‘If tha’d hafe a brain, tha’d wouldn’t be up ’ere, would they Mudlark?’
‘Where are we exactly?’
‘And the asylum? Is it nearby? Have you any idea?’
‘The loony bin you say?’
‘Yes, the loony bin.’
The farmer rubs the side of his nose and looks into the distance where the plains are veiled in fog:
‘It’s somewhere down there… Under the clouds. Whole world’s gone topsy-turvy. Eh Mudlark?’
‘Is it far?’
‘No, not far at all, as matter of fact.’
‘Oh good! Well which way? Straight on, is it?’
The farmer leers:
‘Thi can go any way from ’ere…’
‘We just need the quickest route, you see.’
‘Just carry on.’
‘Ah! But do we turn left or right at the end of this lane?’
‘Left or right, it makes no odds…’
‘Drive on,’ mutters Sims. ‘He’s a nutter.’
‘I heard that,’ snaps the farmer. ‘I may be old but I’m not deaf.’
‘Forgive his manners,’ fawns Blyth. ‘He’s got exposure.’
‘He slept out on the fells last night.’
‘Slept on t’fells? Art thi mad?’
‘No. But my friend – he’s had a nasty turn.’
‘Oh dear. What ’appened then?’
‘It’s a long story. If you could just show the way.’
‘To Sunhill Asylum…’
‘That’s right. The madhouse. We need directions.’
‘Just keep going. All roads from here go to t’madhouse. Thi can’t miss it.’
‘Much obliged to you.’
Blyth is about to shut the window when the farmer pokes his head into the car:
‘Had a nasty turn, did thi lad?’
‘I did,’ replies Sims, ashamed.
‘Kipped out on t’ fells, did thee?’
‘Out wi’ sheep?’
‘It was an accident,’ replies Sims.
‘How’d that come abowt then?’ asks the farmer.
‘He was sleepwalking,’ explains Blyth.
‘Sleepwalking? On t’fells? Bloody Nora! Tha’s no oyl in thi’ lamp, lad!’
‘Well, if you don’t mind, we’d better be off,’ says Blyth.
But the farmer stays put, leaning on the door so that the cabin dips and the suspension creaks. Blyth feels himself sink several inches, both literally and metaphorically. The farmer studies Sims for a moment, anxiously licking his rubbery lips, his cauliflower nose dripping like a tap on Blyth’s knee.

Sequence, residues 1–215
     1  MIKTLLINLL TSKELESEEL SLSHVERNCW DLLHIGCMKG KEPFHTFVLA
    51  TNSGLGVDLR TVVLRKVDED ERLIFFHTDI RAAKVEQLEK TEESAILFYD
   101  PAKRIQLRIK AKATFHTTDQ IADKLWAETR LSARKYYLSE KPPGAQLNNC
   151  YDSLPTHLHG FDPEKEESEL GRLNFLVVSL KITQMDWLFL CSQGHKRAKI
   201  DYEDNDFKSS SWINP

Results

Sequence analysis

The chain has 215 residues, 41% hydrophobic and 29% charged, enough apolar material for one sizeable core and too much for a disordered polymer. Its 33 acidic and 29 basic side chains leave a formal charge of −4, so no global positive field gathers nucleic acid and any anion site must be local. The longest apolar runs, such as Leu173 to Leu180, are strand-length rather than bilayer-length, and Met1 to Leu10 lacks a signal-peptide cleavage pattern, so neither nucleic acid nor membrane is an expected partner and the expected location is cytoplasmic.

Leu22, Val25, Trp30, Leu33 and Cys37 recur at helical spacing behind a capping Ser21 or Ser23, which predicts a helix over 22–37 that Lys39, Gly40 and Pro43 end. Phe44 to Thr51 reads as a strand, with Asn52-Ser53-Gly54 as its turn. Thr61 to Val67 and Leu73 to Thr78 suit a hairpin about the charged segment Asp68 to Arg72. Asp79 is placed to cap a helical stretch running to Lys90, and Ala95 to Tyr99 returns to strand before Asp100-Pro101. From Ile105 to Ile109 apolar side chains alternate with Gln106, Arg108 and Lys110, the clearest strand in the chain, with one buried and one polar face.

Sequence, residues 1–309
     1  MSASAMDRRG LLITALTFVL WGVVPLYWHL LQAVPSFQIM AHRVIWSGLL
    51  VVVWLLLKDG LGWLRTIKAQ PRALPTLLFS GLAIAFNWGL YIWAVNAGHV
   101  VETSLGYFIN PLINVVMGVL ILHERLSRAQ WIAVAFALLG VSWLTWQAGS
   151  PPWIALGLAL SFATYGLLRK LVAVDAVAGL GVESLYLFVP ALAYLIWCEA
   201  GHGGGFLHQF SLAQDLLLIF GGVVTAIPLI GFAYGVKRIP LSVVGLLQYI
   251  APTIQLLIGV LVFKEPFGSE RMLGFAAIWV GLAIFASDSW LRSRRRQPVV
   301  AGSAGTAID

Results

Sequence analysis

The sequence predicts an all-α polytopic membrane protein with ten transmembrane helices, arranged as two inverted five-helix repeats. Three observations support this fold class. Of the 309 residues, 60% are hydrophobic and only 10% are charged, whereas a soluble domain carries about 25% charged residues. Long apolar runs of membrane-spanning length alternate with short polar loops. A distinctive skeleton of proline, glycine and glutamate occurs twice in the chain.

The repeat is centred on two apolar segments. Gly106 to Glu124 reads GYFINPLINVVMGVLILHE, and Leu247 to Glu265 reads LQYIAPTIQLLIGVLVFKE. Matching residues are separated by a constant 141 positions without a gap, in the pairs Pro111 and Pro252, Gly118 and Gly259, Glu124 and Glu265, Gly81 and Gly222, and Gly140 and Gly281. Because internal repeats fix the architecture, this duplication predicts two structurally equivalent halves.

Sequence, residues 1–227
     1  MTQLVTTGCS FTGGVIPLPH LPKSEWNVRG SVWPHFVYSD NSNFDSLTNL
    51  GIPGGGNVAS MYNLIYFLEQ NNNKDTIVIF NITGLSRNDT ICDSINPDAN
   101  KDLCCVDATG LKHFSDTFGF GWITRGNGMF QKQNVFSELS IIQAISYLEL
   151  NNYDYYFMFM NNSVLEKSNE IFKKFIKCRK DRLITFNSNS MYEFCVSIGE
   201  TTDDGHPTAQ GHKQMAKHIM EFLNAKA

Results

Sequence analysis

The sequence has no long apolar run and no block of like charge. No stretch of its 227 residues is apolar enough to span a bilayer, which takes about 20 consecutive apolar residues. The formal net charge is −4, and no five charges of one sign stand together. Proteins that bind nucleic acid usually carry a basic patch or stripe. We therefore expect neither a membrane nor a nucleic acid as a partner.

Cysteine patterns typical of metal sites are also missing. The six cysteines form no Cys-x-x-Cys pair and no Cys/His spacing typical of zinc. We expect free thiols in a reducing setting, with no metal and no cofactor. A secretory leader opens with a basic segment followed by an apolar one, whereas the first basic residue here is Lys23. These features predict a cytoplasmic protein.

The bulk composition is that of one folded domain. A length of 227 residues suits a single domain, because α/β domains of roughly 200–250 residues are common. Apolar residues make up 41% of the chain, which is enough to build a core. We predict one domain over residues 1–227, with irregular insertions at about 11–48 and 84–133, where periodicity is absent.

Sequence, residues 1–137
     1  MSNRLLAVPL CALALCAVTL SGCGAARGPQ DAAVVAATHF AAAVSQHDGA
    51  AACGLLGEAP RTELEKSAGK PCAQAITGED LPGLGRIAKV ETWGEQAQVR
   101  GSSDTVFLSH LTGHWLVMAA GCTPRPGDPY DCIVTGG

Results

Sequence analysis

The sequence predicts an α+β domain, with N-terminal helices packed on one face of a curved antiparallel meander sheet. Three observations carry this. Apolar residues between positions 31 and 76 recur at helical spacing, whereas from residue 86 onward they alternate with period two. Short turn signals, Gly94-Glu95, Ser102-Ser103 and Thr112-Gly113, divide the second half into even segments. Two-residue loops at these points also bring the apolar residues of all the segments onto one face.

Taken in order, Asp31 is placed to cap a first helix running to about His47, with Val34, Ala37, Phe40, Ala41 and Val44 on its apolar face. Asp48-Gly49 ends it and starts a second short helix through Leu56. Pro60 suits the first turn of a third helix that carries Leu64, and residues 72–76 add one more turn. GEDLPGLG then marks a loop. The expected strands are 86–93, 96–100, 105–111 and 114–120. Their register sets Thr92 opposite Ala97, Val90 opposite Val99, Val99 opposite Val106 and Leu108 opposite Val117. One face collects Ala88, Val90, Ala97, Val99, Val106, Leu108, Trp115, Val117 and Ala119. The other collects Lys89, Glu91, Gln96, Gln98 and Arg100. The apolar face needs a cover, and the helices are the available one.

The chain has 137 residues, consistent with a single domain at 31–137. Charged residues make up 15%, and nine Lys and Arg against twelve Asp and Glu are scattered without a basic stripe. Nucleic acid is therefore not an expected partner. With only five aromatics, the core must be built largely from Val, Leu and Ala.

‘Gitten sunburn, lad?’
‘Yes, I’m afraid so,’ admits Sims.
‘In the middle of winter? Well, ah’ve never known the like.’
‘It’s a mystery, to be sure,’ puzzles Blyth.
‘By god, it wurr murther up ’ere last nite. Cowd enuff to freeze thar blood. Watter trough is frozen solid. Eh Mudlark? Thi could have perished, lad!’
‘He was half-dead when I found him,’ adds Blyth.
The farmer looks intrigued by the donkey costume with its hooves all akimbo and the long bristly tail poking between Sims’ legs.
‘Poor lad. You got nowt on under that?’
‘I lost my clothes.’
‘Gitten frost bite?’
‘Just my toes,’ scowls Sims.
The farmer turns round to consult his prize bull:
‘Ere, Mudlark, this lad’s wearing a donkey costume. What durst think of that?’
‘Well, what does he think?’ asks Sims flatly.
‘There’s nowt so quare as folk,’ leers the farmer. ‘Ah’ll tell thee summat for nowt. My mother, god rest her soul, she read her Bible ev’ry day, an’ she allus said: n’er walk Wolf Fell after dark.’
‘We got lost in a blizzard,’ explains Blyth.
‘Wolf Fell – that’s where Shrikers dwell.’
‘Shrikers?’ frets Sims.
‘They make ’orrible shrieks of one kind or another.’
‘What do they look like?’ asks Blyth, intrigued.
‘They look like a white cow. Or an old nag. Or a great black hound. Or a terrible goat wi’ shaggy hair and saucer eyes. When I wer a lad, one chased me all th’way home wi’ its paws on mi back. Some folk call ’em Boggarts. Like Boggart of t’Brook, what lives under Garstang Bridge.’
‘You mean, a troll?’ asks Blyth.’
‘Worse than a troll. Much worse. She appears at full moon: t’skeleton of a murtherd maid, wrapt in a cloak. A rare beauty she was, in her day. She’d hitch lifts from ’orsemen at nite. But when she wa’ mounted, she’d show her true shape, an’ cling like death wi’ her bony claws. She’d whip ’orse into a gallop, ’til rider fainted wi’ terror and got flung in t’ditch. Boggarts. They come in all shapes and sizes… Like White Dobby o’ Furness – a starved cobbler, what dwells in a wurld of his own. He looks reet oyned, an’ wanders abowt wi’ out his kecks, in nowt but a dirty topcoat. His companion is a great white hare – a great white hare wi’ bloodshot eyes…’
‘Yes, well thank you very much,’ interrupts Blyth. ‘We’d love to stop and chat, but we really must be going. We’re running late…’
‘Alreet serry,’ replies the farmer, backing away. ‘Durnt hang abowt on my account. It’s a luvly shade o’ black o’er t’mother-in-laws.’
‘Whatever do you mean?’ asks Blyth.
‘A storm’s brewin’. More snow by looks of it.’